From NY-NJ Trail Conference (NNTC)
“While ebase was a low-cost solution for NNTC (ebase can be downloaded for free and used on top of Filemaker Pro), the real cost has come in the staff time it has taken to modify the database. Daniels’ deep technical knowledge allowed him to make major changes. The rest of the staff now knows enough to make routine changes as necessary and train each other as new staff members are hired.
Because of his comfort with technology, Daniels did a lot of the CRM implementation himself, though he knows this is not an option for many nonprofits. “Most organizations don’t have a high-powered techie to implement a CRM for them, and finding a sophisticated volunteer is not possible for most organizations,” he says. “Without sophisticated knowledge you may have to hire consultants.”
Words of Wisdom
Daniels cautions against getting locked into a product. In NNTC’s case, ebase has not progressed and there is no upgrade path without doing a significant rebuild of the existing data and reports. “Nearly the entire CRM would need to be rewritten to upgrade.”
From Washington Toxics Coalition (WTC)
Salesforce itself is free for WTC to use because of Salesforce’s donation program (which provides up to 10 licenses for 501(c)3 nonprofits). However, it cost $10,000 for their consulting firm, ONE/Northwest, to migrate WTC’s data and build custom features. “We couldn’t have done it without them,” says Dawson. The project took about four months to go live. For an organization with about a million dollar annual budget, the CRM modification “wasn’t chump change,” says Dawson.”
“Not everything is better in Salesforce. WTC likes to create very specific solicitations to donors based on their interactions with the organization, and it is difficult to print a spreadsheet with a full history of giving. Ebase did this better by storing all donation data in one place. WTC’s Consultant, ONE/Northwest, created a custom view of some interactions but not of others.”
Here is a link to the complete article which has a lot of other interesting insights and also includes many positive comments http://www.idealware.org/articles/crm_case_studies.php.
My point is simply that non-profits need to realize that the cost of software is just a small component of the total investment in successfully implementing technology. As a software vendor focused entirely on nonprofit technology we have a strong financial incentive to help our clients use our products successfully. We serve as their technology experts, so they can spend their time and energy on their missions and building stronger relationships with their donors and constituents — not on building software.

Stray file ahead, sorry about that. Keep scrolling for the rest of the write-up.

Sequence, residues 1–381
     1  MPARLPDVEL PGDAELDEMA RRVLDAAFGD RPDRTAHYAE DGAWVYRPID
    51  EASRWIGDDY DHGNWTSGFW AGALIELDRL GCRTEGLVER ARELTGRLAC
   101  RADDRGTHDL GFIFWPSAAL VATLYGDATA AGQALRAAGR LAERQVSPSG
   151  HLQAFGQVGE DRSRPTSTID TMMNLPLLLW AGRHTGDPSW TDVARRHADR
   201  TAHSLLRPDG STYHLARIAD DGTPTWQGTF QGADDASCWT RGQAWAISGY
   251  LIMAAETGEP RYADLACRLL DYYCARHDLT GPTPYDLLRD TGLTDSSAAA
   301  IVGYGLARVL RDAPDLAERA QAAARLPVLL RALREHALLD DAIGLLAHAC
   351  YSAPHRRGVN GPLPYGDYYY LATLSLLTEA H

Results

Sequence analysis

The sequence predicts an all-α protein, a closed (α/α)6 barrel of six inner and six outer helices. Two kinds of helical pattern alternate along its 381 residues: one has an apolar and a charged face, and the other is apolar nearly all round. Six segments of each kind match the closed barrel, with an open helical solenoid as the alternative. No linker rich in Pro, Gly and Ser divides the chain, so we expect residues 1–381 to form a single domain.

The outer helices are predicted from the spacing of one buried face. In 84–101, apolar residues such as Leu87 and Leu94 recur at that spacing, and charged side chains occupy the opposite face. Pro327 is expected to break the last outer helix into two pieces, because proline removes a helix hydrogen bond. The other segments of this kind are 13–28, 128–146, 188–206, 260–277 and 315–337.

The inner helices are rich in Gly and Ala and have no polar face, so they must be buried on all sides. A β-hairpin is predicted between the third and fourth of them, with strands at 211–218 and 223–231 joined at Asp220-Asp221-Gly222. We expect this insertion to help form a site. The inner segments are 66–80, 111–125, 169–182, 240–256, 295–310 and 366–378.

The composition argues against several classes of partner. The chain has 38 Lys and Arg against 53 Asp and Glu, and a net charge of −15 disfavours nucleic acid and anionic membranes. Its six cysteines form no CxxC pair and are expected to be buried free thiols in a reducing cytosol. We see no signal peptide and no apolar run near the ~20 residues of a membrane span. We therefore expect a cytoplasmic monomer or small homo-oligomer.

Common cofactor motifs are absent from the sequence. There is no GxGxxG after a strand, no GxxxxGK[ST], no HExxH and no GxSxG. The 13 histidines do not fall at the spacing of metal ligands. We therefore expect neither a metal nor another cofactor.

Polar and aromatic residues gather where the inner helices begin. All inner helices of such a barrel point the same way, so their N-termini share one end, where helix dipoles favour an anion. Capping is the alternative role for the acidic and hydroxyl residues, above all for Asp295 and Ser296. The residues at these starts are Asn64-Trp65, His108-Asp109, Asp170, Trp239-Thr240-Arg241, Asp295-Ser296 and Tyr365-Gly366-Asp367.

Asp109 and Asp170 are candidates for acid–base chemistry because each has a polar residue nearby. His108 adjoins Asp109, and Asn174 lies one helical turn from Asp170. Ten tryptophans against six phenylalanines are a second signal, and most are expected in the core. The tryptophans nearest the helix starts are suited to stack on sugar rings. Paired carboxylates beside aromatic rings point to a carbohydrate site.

DMACS are UK authorised distributors of DonorPerfect fundraising software
We decided to go with salesforce.com and have signed up for the 30 days free trial. The additional costs would be to pay someone to set the database up to our requirements or to use our staff to do the same.
In our position, as most of our staff are volunteers, it is not going to cost us anything if we do it ourselves, so that is what we’re doing.
The company insist that you attend a live webinar, which I attended earlier this week and found it very informative and helpful, showing me how to set up the database to our requirements.
I think for a larger charity it would probably require a lot more input to set up, but for a charity of our size I think it will be absolutely fine – giving us the opportunity to expand our use as our campaign mounts as well as starting to use it for our current day to day activities.
I’ll see how we get on with the 30 day trial, and assuming we qualify at the end of that trial, I’ll post updates in case anyone is reading.
Thank you for your comments so far – sometimes as you know, when you’re so far in the mire, it’s useful to have other people’s tuppence ha’penny worth.
You must be logged in to reply to this topic.
Introduction to Gift Aid - central London, 29 January (pm)Book now